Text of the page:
I’ve read you write that STEM is about making a difference. In the Intel Foundation’s work with its program partners, how important is it to establish an emotional connection in young people to the field? And what ways does this come into play?
Yeah I think it’s super important, and we hear this from our students. The piece that you’re hitting on is even though we know that girls are graduating at higher rates, so the proficiency is there, but we also have to connect with the interest point. So what the research is showing is that even when students are able to complete these engineering careers, if you don’t tap into the heart of the matter, which I’m calling the “interest” of it, and make that connection between how will these jobs make a difference in the lives of people? How will these jobs make a technological advancement that will also advance people? If we don’t make that connection for young people, they are not going to choose to stay with these careers. If fact, the students that are surveyed in middle schools, girls in particular, about 74% of them express some level of interest in these computer science careers, but by the time they get to high school less than 1% of them actually choose computer science when they enter into college. Much of that I think is that we haven’t done a good job in the industry of really unpacking what these jobs do.
So when we ask students, the young people tell us they’re very clear about what doctors do, they’re very clear about what lawyers do and how they make a difference in the world. Now the same level of clarity is needed for engineering. And that’s what the Intel Foundation is doing with our programs, such as Girls Who Code, and the Intel Computer Clubhouse Networks, really trying to get students access to what these jobs really mean and how they matter to the world, and how they can make a difference in the world.
How does it work, do you have someone come into the classroom to give an actual tutorial on how to code?
So with Girls Who Code (it’s a full immersion program, it’s about eight weeks and 320 hours of intensive classroom instruction where the young students are exposed to topics such as robotics, web design, and how to develop mobile apps.
app development,). They’re given the opportunity to think about those apps through the lens of how they can actually make a difference in the world. So in some of the Girls Who Code activities there’s an example of a student creating a medical app that used visual cues to remind its user to take their pills . The students are given the opportunity to choose the projects that they work on, but more often than not young people are actually choosing to work on projects that are making a difference.
They’re given about eight weeks of hands-on project-based learning, which is really critical because we’ve also found in the research that just the mere essence of me going in to talk to students saying, ‘Hi. You should consider engineering; it worked extremely well in my career.’ You need more intensity and duration of programs to the tune that Girls Who Code is administering, which is hands-on for a longer duration of time (and on a certain level an intensity) so that they can really un-crack and demystify what coding is all about.
What is the role of parents?
We see parents as being a critical ally in tackling this challenge, and we know that obviously parents are key influencers in what their young people study and even the majors that they choose. Being a parent myself, I know with my son I’ve done a good of exposing him to the sports, and the different sports…running him through seasons of soccer and baseball, and each year we would do a different sport. But I think as parents we aren’t necessarily doing that same model with trying to understand the differences in the engineering careers and what’s possible for children to explore in careers.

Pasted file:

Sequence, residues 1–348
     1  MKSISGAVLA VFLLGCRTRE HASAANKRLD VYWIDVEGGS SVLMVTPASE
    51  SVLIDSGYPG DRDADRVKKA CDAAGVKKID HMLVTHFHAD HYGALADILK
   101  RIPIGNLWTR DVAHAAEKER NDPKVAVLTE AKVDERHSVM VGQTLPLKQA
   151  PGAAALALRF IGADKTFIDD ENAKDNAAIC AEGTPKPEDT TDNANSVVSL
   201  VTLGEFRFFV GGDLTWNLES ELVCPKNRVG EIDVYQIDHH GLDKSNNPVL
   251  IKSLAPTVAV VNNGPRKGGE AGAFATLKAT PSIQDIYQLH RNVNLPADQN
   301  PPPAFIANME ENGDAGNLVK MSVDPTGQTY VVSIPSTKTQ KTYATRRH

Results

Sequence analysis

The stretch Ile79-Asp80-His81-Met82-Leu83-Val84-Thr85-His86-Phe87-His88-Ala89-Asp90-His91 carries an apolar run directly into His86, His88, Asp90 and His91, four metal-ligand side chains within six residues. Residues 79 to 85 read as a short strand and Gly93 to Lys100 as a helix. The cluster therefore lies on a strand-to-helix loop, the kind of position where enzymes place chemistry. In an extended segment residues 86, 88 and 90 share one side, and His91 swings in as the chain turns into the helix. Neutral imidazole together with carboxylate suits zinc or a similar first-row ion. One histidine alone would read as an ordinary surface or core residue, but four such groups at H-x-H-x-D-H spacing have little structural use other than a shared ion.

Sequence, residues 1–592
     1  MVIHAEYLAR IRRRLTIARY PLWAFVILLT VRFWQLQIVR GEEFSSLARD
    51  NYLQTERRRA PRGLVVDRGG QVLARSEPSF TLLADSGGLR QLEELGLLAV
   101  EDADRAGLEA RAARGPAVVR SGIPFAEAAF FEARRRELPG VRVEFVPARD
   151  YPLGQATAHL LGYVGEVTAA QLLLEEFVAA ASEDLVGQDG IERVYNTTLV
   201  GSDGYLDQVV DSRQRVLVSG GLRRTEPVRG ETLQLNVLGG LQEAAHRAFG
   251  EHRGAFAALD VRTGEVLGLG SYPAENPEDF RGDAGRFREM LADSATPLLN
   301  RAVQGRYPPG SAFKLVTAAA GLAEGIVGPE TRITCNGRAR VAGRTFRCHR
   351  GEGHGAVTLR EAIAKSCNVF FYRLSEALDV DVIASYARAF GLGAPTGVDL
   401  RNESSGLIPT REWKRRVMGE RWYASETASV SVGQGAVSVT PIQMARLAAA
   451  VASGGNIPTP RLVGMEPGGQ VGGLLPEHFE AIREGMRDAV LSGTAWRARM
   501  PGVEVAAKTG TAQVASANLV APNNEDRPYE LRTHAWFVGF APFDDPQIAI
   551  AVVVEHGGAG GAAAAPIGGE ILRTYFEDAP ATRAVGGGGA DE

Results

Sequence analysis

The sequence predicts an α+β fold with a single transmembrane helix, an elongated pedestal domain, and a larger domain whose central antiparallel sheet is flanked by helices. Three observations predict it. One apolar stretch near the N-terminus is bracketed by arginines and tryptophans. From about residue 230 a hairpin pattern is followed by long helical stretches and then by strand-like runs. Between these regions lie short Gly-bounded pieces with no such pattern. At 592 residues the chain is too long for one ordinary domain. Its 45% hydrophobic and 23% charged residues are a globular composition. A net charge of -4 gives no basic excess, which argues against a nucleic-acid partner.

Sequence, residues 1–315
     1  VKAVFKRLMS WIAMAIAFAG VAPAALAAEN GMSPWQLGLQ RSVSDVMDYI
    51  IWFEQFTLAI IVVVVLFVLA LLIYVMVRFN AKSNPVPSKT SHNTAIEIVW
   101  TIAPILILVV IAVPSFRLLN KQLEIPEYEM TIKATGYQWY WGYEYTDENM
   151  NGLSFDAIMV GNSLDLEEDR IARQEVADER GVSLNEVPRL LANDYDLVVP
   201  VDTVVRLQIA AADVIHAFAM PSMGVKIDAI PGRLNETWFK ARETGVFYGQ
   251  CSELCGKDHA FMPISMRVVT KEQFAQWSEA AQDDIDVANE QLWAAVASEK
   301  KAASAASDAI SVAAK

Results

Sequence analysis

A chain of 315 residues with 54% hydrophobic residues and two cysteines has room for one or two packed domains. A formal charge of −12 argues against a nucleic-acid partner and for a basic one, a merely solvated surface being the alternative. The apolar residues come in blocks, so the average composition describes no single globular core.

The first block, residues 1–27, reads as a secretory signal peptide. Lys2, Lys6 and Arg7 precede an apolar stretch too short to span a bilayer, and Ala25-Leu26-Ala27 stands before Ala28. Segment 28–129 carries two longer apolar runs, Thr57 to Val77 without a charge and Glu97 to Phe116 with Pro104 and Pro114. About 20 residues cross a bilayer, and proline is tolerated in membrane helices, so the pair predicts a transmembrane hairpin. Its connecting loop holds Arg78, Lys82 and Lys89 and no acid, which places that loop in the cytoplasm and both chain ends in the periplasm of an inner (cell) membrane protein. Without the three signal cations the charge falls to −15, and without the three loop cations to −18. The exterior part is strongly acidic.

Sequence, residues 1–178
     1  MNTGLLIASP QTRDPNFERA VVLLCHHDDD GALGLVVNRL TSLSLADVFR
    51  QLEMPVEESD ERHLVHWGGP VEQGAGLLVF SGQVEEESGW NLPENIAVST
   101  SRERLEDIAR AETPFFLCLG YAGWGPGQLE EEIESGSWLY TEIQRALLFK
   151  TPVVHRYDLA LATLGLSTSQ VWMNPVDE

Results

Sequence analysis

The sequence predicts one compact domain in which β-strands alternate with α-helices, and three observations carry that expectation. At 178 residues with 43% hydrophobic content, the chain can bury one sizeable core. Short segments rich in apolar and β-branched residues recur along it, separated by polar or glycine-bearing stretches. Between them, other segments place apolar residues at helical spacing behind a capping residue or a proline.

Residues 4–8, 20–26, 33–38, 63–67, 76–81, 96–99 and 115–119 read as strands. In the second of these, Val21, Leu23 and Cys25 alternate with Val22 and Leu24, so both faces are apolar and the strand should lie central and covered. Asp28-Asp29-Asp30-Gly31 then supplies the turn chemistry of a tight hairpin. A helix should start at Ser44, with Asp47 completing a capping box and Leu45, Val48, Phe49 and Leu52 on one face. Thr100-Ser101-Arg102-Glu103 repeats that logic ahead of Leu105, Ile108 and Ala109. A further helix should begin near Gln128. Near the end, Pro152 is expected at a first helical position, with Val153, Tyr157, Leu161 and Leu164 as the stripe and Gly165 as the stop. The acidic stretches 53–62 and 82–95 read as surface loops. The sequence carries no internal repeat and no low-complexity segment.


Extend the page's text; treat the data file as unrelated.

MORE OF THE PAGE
Last year around the National Engineering Week at Intel, the Network of Intel African Americans employee group sat down to try and think about what we could do to get more underrepresented minority students in STEM. And what were some of the barriers, and what were some of the critical strategies that we could employ. And in that room, there was about 25 of us, almost every single person in that room had come to engineering because of a parent or because of a teacher that had been in their lives. And in many cases the parent was actually the father playing that specific role.
So then we went out to start this organization, which we eventually called STEMpact, which ultimately became Start With STEM — basically going into our communities working specifically with parents on just telling them about the value of these careers, the dollars people can make in these careers, and the curricula that young people should be thinking about. Because we found that parents just did not have exposure, access, or knowledge about these careers, demystifying the differences say electrical and mechanical or software development. We also brought visibility to the salaries of these careers. We have a group of us, Intel volunteers and to date, we’ve reached out to over 5,000 parents now.
Do you think that there’s a change in the culture, in terms of how we teach STEM in K-12, in public schools, that needs to happen to get kids more interested?
I think so. I think what I’m seeing is in many cases, and in many schools, we‘re still trying to prepare 21st century school kids using 18th century techniques in many cases. We know that these young people are digital natives. We also know from the research that hands-on and project-based learning type curriculum actually works more effectively for kids. So I do think where we have opportunity, even inside the formal curriculum, to give students more project-based learning — I think that will make a remarkable difference in students taking more of an interest to STEM.
We just completed a research report called “MakeHers: Engaging Girls and Women in Technology through Making,” which was looking at the whole maker movement and how it can be used as an innovative channel to also activate interest in these computer science and engineering careers. And at the heart of that maker movement is being able to explore, fail in a safe place, create, and design. And I think if we could bring more of that inside the classroom, it helps us to have a better shot at creating more interest.